Figure 4 displays the number of articles representing Western Africa populations (K = 107; 48.5 % of all articles), Eastern Africa (K = 67; 30.3 %), Central Africa (K = 32; 14.4 %), and Southern Africa (K = 15; 6.8 %) populations. The distribution of studies by cohort and region excluding studies that had children is shown in Fig. 5; studies including children were excluded for this because subsequent meta-analyses excluded these studies. Across all regions, the largest proportion of studies reporting prevalence estimates occurred among the general population and blood donors (27.1 % each), followed by HIV infected individuals (21.7 %). However, there was dramatic variation in the distribution of cohorts with prevalence estimates by region, as seen in Fig. 5. For example, 64.3 % of all studies conducted in Southern Africa were among HIV infected individuals. In comparison, HIV cohorts made up 18.3, 25.4, and 3.8 % of studies, respectively, in Western, Eastern, and Central Regions.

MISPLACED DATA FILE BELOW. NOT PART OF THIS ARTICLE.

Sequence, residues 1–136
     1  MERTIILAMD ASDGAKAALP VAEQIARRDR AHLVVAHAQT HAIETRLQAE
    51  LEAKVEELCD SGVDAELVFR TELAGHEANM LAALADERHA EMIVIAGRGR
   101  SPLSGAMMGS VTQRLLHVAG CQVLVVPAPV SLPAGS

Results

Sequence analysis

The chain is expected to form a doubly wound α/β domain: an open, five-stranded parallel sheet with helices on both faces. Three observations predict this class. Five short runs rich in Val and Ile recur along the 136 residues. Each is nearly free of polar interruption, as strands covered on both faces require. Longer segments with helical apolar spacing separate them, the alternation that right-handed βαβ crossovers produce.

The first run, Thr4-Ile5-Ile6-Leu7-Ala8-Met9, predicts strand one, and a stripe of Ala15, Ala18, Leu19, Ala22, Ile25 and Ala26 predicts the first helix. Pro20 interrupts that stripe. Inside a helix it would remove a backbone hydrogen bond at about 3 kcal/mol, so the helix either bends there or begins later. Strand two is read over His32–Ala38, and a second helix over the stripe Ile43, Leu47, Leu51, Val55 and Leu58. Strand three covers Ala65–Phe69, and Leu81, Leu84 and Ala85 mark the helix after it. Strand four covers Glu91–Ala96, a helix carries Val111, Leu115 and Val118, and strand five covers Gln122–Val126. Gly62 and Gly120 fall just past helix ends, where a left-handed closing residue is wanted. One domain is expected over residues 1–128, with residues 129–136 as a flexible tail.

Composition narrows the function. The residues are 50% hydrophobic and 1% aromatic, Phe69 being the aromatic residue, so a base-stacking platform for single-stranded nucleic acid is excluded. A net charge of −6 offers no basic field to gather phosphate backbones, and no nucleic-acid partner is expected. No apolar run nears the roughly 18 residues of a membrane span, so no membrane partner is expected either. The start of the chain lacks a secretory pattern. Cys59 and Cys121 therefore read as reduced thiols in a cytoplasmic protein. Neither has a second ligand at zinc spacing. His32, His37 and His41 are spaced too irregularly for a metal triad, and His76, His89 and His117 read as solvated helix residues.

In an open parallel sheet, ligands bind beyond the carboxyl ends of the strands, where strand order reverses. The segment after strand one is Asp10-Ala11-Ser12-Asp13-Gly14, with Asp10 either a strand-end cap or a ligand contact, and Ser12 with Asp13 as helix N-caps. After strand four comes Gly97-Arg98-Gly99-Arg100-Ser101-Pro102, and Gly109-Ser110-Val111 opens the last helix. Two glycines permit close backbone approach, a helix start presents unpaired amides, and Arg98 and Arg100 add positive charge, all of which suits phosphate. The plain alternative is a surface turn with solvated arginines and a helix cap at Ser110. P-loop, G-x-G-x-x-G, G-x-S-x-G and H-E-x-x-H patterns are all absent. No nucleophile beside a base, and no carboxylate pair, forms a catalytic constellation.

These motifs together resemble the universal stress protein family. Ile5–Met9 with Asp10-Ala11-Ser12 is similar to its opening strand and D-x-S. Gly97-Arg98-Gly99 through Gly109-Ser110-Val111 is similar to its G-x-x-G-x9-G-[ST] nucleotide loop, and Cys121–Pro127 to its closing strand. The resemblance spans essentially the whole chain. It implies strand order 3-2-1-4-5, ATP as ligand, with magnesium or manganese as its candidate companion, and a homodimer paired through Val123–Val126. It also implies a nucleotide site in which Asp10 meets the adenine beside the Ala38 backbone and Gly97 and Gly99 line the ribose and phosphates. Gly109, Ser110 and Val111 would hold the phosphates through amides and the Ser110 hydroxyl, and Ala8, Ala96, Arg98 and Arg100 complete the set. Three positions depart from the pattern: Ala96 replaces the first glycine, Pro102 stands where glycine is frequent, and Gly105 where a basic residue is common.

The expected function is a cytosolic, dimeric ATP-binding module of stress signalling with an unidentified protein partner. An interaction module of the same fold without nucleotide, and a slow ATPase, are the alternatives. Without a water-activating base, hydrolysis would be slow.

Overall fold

Uni-variable prevalence estimates

The precision of the prevalence estimates by cohort and other parameters are shown in Fig. 2. While prevalence estimates significantly varied across African regions and cohorts (both p < .001), there was no significant variability between the inclusion and exclusion of minors (p = .81), nor by generation of diagnostic assay (p = .63) or publication year (p = .73). Prevalence in Southern Africa was low - estimated at 0.72 % (95 % CI: 0.33–1.54 %). This was followed by Eastern Africa estimated at 3.00 % (95 % CI: 2.23–4.02 %) and Western Africa estimated at 4.14 % (95 % CI: 3.29–5.20 %); Central Africa (7.82 %, 95 % CI: 5.29–11.43 %) had the highest estimated prevalence of Hepatitis C.
Fig. 2

Univariable seroprevalence estimates of HCV infection by moderator

Among the six population cohorts, blood donors had the lowest prevalence (1.78 %, 95 % CI: 1.31–2.41 %) followed by pregnant women (2.51 %, 95 % CI: 1.46–4.28), individuals with HIV (3.57 %, 95 % CI: 2.54–5.00 %) and those from the general population (5.41 %, 95 % CI: 4.12–7.08 %). Higher prevalence was observed for both individuals with a chronic illness (7.99 %, 95 % CI: 4.13–14.91 %) and those considered at high risk for infection (10.18 %, 95 % CI: 6.51–15.59 %).

Multivariable prevalence estimates